(JTA) — The Association for Israel Studies harshly criticized Israel’s new ban on entry to supporters of boycotts, calling the law anti-democratic and warning that it would prevent academic exchange with the Jewish state.
The association, a professional grouping of academics who focus on Israel, said in a statement Friday that the law could turn Israel into an “isolated entity open only to those who ascribe to official policy.” That in turn could create a “chilling effect” on students and scholars who want to come to Israel to study and conduct research, and will prevent the association from holding conferences in Israel — a situation the statement called an “absurdity.”
The law, adopted Monday by the Knesset, bans entry to foreigners who publicly call for boycotting the Jewish state or its settlements. It has drawn mounting criticism from American Jewish groups, including the Anti-Defamation League and the American Jewish Committee, as well as the Reform and Reconstructionist movements.
According to the law, the ban applies to any foreigner “who knowingly issues a public call for boycotting Israel that, given the content of the call and the circumstances in which it was issued, has a reasonable possibility of leading to the imposition of a boycott – if the issuer was aware of this possibility.” It includes those who urge limiting boycotts to areas under Israeli control, such as the West Bank settlements.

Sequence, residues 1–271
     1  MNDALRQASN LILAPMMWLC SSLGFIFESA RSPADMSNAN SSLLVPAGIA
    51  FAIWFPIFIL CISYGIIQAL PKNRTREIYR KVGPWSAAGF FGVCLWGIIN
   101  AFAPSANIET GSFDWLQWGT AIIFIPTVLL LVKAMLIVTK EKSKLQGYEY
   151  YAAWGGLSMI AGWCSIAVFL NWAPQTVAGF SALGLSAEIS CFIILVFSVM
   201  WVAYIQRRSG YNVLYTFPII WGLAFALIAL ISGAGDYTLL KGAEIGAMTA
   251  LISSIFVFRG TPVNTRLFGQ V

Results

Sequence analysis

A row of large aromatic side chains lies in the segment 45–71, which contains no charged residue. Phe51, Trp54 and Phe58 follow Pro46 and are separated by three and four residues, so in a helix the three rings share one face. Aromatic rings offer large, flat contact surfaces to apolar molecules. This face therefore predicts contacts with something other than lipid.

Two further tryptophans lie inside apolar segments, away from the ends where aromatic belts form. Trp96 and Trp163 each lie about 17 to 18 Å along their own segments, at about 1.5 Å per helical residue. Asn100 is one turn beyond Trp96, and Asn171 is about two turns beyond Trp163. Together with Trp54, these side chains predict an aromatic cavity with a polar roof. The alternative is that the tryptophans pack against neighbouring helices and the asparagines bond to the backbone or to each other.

The association’s statement noted that the group opposes discrimination against Israeli academics and institutions. But it said that the new law would not hurt boycott efforts because it cannot prevent the spread of ideas.
“There can be no checkpoint of ideas,” the statement said. “Security forces and defenses are essential for deterring actual attacks. But it is fantasy and misleading to think that interrogating academics at the country’s gates contributes to national security. Ideas, good and bad, have no borders and can be spread by modern communications and social media.”
Some backers of the law say it will be used only against those active in organizations that support the boycott, divestment and sanctions movement, and would not block an individual for something she or he might once have said.